Skyrocketing tuitions. Degree inflation. Politicized curriculums. Lowered job expectations upon graduation. Higher education in America is tangled with problems to such a degree that many have started to ask the question: is getting a traditional college education still worth it? So far, most people seem to think so, given enrollment numbers that remain relatively high.
Yet, not all do; some schools are starting to see signs of softening demand. The academic marketplace is attracting entrepreneurs looking to capitalize on the emerging market of young people and their parents who may consider alternatives before committing large sums of money for programs that might not be right for them.
Exactly which innovations—and how many—will survive to become a permanent part of the higher education landscape is impossible to predict. The entrepreneurial higher education “gold rush” may still be in its infancy, and, until now, most have been online ventures that still closely resemble traditional higher education, either granting full degrees or providing traditional-style courses and lectures.
But now some entrepreneurs are taking innovation in higher education outside the traditional box altogether. One such initiative based on an entirely new concept is called “Praxis,” a low-cost, for-profit alternative to traditional education.
Neither a college nor an apprenticeship, it offers a 10-month program for 18- to 25-year-olds who do not want, or cannot afford, a traditional higher education. It instead combines real-world experience with online education. The essential part of the program places students with entrepreneurial-oriented businesses, where they will work for 30 to 40 hours a week. The work will be paid and will roughly cover the $12,000 fee charged for participating in Praxis; the only cost to students will be living expenses for 10 months.
But Praxis “students” will not merely be clerical workers: No more than 50 percent of the students’ working time will be spent performing routine administrative tasks; they will undertake at least one “self-directed” project; and will “shadow” the owner or founder of the company for at least two full days during their time with the company.
A critical part of the progam is a formal academic component that will take roughly 10 hours per week. For the first six months of the program, the curriculum consists of six “modules” of online lectures and reading. Each module lasts roughly one month, or 40 study hours, although students can proceed at their own pace. When a student finishes a module, he or she will be orally tested on his or her understanding of the material via video-conferencing. The six modules are:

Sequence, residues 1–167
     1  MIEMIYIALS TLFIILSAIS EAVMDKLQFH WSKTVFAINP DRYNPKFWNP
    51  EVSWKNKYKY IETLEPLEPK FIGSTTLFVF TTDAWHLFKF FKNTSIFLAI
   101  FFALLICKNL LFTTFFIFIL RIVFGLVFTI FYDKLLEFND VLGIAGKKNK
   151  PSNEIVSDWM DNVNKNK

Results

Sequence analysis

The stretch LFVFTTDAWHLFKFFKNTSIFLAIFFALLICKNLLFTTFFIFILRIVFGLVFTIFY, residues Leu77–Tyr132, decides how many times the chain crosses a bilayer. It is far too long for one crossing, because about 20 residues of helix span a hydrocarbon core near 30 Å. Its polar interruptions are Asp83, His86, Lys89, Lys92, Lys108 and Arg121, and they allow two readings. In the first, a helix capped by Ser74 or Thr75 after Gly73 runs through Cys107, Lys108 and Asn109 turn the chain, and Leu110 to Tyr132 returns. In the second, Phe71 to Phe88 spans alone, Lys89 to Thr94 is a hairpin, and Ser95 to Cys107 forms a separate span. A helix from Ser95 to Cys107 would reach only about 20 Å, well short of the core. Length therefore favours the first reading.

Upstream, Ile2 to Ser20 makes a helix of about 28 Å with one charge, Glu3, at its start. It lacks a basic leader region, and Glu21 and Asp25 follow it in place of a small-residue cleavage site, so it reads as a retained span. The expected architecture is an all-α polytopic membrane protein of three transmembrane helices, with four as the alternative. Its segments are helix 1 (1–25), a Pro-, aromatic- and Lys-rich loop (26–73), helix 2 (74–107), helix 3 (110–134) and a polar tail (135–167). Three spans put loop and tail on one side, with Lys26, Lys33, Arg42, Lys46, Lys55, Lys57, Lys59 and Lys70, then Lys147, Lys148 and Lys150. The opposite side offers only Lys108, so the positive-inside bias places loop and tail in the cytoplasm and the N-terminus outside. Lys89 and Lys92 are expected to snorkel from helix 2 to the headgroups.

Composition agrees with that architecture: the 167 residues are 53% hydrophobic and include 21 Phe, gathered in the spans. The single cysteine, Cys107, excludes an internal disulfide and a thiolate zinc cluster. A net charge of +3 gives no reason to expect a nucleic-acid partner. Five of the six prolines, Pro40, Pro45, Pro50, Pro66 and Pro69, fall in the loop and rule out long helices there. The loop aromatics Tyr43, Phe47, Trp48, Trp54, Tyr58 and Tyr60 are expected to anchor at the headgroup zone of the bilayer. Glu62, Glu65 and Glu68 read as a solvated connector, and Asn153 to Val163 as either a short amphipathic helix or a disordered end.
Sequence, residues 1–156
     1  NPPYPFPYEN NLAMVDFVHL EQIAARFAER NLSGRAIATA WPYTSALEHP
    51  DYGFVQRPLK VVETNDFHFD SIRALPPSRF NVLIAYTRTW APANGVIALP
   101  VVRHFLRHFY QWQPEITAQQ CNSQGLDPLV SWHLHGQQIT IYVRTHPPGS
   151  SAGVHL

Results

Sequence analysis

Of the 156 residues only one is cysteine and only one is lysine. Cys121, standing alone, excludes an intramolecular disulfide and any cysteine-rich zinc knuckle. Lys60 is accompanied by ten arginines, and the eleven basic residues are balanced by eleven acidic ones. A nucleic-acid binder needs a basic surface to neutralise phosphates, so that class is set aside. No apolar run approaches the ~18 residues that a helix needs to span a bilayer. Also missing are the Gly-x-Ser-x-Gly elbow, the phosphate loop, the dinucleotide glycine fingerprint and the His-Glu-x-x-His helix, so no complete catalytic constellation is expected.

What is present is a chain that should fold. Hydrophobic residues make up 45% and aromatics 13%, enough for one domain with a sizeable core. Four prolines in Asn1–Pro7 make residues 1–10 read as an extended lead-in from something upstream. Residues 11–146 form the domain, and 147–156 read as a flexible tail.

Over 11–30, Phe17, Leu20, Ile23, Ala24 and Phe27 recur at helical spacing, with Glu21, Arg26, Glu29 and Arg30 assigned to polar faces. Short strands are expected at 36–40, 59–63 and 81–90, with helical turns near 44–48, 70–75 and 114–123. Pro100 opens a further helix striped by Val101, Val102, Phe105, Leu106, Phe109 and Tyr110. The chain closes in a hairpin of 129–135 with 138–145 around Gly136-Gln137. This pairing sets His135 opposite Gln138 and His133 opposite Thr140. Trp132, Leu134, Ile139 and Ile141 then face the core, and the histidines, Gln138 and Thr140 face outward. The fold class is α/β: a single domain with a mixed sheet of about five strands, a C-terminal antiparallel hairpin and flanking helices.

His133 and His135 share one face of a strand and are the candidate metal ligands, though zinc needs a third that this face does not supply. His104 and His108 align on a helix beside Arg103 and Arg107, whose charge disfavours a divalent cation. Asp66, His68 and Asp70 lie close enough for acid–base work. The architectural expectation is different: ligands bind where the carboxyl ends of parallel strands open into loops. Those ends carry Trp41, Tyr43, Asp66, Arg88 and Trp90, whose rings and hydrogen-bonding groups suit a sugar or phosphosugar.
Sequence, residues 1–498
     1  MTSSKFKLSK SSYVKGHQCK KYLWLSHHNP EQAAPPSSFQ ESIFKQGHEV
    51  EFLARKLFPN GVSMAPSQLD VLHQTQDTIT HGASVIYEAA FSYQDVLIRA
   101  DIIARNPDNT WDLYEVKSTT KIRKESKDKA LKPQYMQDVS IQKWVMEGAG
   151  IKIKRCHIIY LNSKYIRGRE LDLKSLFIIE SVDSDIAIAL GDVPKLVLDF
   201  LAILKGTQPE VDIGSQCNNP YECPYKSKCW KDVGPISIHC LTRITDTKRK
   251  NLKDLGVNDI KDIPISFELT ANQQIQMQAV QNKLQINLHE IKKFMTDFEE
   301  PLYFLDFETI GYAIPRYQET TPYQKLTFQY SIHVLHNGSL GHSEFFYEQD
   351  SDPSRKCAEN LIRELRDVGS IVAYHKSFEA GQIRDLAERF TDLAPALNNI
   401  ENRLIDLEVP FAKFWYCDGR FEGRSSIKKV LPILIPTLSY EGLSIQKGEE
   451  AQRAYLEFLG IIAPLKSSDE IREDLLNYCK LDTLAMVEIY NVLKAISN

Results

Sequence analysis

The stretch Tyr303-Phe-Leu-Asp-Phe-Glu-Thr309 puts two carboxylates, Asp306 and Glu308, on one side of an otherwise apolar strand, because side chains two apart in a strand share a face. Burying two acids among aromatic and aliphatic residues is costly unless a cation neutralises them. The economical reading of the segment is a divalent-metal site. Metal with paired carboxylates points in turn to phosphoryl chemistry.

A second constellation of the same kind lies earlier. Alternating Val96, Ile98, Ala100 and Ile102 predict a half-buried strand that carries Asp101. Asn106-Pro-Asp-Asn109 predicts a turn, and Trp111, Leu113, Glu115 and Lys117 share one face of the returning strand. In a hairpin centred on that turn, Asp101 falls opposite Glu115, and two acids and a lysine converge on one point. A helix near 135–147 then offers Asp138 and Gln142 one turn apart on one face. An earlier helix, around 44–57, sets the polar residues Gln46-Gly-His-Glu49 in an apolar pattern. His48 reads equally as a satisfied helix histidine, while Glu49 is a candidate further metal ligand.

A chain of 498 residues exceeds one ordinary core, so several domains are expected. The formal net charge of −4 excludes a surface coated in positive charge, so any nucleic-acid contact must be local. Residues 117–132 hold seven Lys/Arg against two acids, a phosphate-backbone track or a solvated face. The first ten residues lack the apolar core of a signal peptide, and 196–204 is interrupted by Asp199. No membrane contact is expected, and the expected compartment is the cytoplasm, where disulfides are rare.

- Philosophy, Logic, and Ethics;
- History & Culture
- Technology and Digital Skills
- Entrepreneurship and Life Skills
Upon completion of all six modules, students must conceive of and complete a “Portfolio Project,” which is essentially an independent study project. The final couple of months of education focus on explicit preparation for the labor force, featuring instruction and practice on interviewing for jobs.
Praxis is the brainchild of Isaac Morehouse, who does not fit the mold of most higher education entrepreneurs. Often they come from the ranks of academia, or became rich through other, non-education Internet ventures.
But Morehouse has an eclectic background, with much of it spent as a conservative activist. He recently quit his job as a fundraiser for the Institute for Humane Studies, a free-market center associated with George Mason University, to concentrate full-time on Praxis. Previously, he directed educational programs and policy programs, mentored students, created Students for a Free Economy while working at the Mackinac Center for Public Policy, worked at the Michigan House of Representatives, was involved in a small business startup, founded an international humanitarian nonprofit, and ran a local taxpayer advocacy group.
Morehouse says that a growing number of young people in the U.S. question whether college will set them apart or prepare them for what they want to create and accomplish. Praxis is his response to this developing need.
He is not alone in focusing on the emerging market of entrepreneurial-minded students. Another entrant is called The Minerva Project, which has an entirely different approach in which students will attend classes scattered across the globe with the professors teaching online from a remote location. Minerva’s founder, Ben Nelson, has a different philosophy as well; instead of building his school on a shoestring and developing a reputation over time, as Morehouse is attempting to do, Minerva has high profile financial backing and Nelson is gambling that he can rapidly manufacture Ivy League-like prestige instantly by involving celebrities such as Bob Kerrey, a former U.S. Senator, and Larry Summers, a former cabinet-level official under two presidents. Minerva is scheduled to open in the fall of 2015.